Outtakes

“If I never moved to New York I knew I would regret it for the rest of my life…New York is the place where if you have a dream you can make it.”

—Young visual artist on D train talking to a perfect
stranger because in New York he realized he could,
swearing he wasn’t hitting on her

“So you better watch out. I’m the death angel.”

—Young trombonist, later that night,
ranting on the A train platform

“When you get older you can say whatever you want to say.”

Milford Graves after a
duo set with John Zorn at the Met

I’m standing by the bar and someone walks in behind me and says, ‘I’m the greatest poet in the world.’ I turn around to look at him and say, ‘Well I’m the greatest pianist in the world.’ ‘Prove it,’ he says, pointing to the piano.”

—Cecil Taylor describing his
first encounter with Jack Kerouac

Barbara Kruger. Illustration by Megan Piontkowski.

Well, the conversation went on for six more hours, Taylor telling stories that started in the middle and never had endings. Stories about his mother, his aunt, his uncle, his grandmother, his father, and of course other musicians—many times telling the same story over and over again. So I snuck away to nearby Roulette, leaving my wife and friends in his charge, to catch a concert by the Tri-Centric Orchestra, which premiered pieces by Taylor Ho Bynum, Mark Taylor, Anthony Braxton (an amazing piece considering he wrote it in 1973 in his 20s), and Ingrid Laubrock, which, for me, was the standout composition of the night. After talking briefly with Braxton about our old age and how happy he was to be retiring from teaching I worked my way back to the restaurant where Cecil was still holding court and sidled right back into the conversation without missing a beat. It was the third time around—a story about Miles. I then got him to talk about winning the Kyoto Prize and his plans to travel to Japan in November to receive it. He stated that though they insisted on what he should say in his acceptance speech while in a tux, he will have his own special tux designed and say whatever he feels like, including reciting a poem.

Ah, bless the human who still has the guts to be one’s self.

And speaking of awards: What warrants receiving one, and how are folks chosen?

Well, having gotten a few minor awards myself—with, sadly, no money attached—I can honestly say it’s all basically fixed. The committees or individuals get together, come up with lists, concur on who votes for whom based on the premise, “You can have this if I can have that,” or “You can be on this committee but please vote for young people only,” or, “this guy with this many projects,” or “this gal who went to Yale studied with that teacher and married that teacher.” In other words, favoritism, or as Tuli Kupferberg put it, “crony criticism.” And wow, dig this: As if the MacArthur award wasn’t enough at $500,000 it’s now up to $650,000. I wanna be on that winner’s A-list.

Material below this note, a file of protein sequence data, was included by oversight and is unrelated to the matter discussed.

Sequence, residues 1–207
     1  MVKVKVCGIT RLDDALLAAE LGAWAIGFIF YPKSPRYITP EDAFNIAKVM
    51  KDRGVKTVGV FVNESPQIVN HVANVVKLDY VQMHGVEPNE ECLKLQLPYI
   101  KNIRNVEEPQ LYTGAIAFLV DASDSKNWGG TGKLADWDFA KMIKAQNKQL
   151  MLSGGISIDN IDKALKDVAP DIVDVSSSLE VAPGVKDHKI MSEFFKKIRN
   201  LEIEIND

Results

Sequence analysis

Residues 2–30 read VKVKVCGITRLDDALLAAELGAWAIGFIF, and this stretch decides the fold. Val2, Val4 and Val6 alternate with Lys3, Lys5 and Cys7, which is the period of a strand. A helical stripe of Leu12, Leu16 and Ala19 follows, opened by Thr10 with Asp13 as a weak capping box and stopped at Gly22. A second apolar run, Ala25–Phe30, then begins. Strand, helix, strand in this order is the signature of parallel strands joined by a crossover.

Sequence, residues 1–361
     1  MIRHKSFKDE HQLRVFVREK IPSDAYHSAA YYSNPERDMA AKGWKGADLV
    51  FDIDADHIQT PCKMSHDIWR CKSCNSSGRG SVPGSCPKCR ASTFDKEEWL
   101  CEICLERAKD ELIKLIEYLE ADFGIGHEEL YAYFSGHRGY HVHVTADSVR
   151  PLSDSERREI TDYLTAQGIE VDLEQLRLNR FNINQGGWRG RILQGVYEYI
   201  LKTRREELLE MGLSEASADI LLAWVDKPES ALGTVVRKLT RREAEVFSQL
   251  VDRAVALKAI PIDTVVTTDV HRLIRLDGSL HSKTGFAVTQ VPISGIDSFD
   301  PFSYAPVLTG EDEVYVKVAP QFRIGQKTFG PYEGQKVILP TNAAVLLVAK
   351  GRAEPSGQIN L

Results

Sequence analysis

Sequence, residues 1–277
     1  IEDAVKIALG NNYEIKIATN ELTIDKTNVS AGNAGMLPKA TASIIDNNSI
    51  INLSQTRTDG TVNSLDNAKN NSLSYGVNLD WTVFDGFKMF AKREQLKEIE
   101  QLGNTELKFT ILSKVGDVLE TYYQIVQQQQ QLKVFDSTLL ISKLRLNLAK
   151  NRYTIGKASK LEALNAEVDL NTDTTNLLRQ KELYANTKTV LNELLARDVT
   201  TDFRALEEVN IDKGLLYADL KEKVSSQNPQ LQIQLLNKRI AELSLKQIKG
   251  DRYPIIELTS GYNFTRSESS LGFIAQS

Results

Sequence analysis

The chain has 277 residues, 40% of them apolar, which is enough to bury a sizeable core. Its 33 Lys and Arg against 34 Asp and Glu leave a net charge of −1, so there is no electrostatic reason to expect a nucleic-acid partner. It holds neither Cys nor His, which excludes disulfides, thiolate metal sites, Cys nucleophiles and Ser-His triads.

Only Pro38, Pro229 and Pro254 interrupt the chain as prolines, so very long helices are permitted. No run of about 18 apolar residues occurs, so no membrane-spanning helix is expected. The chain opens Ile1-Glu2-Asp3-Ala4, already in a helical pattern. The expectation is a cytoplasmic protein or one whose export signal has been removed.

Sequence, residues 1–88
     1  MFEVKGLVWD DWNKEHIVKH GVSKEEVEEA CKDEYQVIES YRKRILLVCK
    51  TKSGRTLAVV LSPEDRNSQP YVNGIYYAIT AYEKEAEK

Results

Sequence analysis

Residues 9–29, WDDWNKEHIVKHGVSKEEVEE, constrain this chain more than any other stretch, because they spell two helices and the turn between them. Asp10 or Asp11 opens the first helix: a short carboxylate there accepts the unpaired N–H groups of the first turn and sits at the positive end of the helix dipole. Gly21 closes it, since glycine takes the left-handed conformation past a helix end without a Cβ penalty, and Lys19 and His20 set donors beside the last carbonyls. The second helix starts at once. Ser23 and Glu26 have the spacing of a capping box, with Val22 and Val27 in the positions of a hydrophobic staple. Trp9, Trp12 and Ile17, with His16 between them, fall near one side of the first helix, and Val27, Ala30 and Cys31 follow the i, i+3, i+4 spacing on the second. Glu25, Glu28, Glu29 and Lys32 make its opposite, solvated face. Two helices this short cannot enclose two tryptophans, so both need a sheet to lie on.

Worthy of note among the recipients of this year’s Doris Duke award was the wonderful bassist and composer William Parker. He’s the first major Lower East Side avant-garde African-American “jazz” musician to win it, and well deserved.

Primary Information, founded by James Hoff and Miriam Katzeff in 2006, has been publishing documents and music by emerging, mid-career, and established artists of every ilk from the ’60s to the present.Their mission as a non-profit is to print artist books, artist writings, and out-of-print publications and editions, with an emphasis on the conceptual practices begun in the mid-’60s. Their program involves the publication of lost or unpublished material. Some of these publications take the shape of records or posters, like their first project, a re-issue of Alan Kaprow’s legendary recording, How to Make a Happening. In line with this goal, some of their music/musician-related projects are the first English edition of artist Dan Graham’s rock/music writings, and a reprint of the long-out-of-print artists’ zines Destroy All Monsters and the feminist Disband (1979 – 82), which includes Barbara Kruger, “blurring the line between performance art and live music.” Recent and upcoming projects include Rêve Parisien by Rhys Chatham, a beautiful vinyl gatefold; XXX Macarena with Tony Conrad, Jutta Koether, and John Miller; violinist/“vocalist” C. Spencer Yeh’s first all-vocal recording; and an electronic recording by Matthew Papich. There is also a reprint of the 1976 book G.P.O Versus G.P.O.: A Chronicle of Mail Art on Trial, by Genesis P-Orridge. All are published in limited quantities and tend to sell out quickly, and this list is only the tip of the iceberg.

A new venue to visit is SubCulture. Run by two brothers, this subterranean club on Bleecker and Lafayette has great sound. Great drinks. Great ambience. And, like (Le) Poisson Rouge, an eclectic program ranging from classical to jazz. I’ve caught Matt Shipp, Lee Konitz, and David Murray there so far.

Check out Jake Marmer’s warm, witty, and wise new CD Hermeneutic Stomp (Blue Thread Records, Jewish Currents). It is a perfect companion piece to his first book, Jazz Talmud, which I reviewed sometime last year. It’s a first-rate production, and includes such giants as Greg Wall and Frank London.

We are living in an age where even the freaks are too clean and dare not take something for nothing. Why say that? Oh, no special reason, but here’s one for ya. I recently listened to a duet by an old seasoned veteran and a young veteran who still needs seasoning. The main difference between the two was that one still took himself too seriously and the other was already serious, so there was nothing to take. You figure out which was which.

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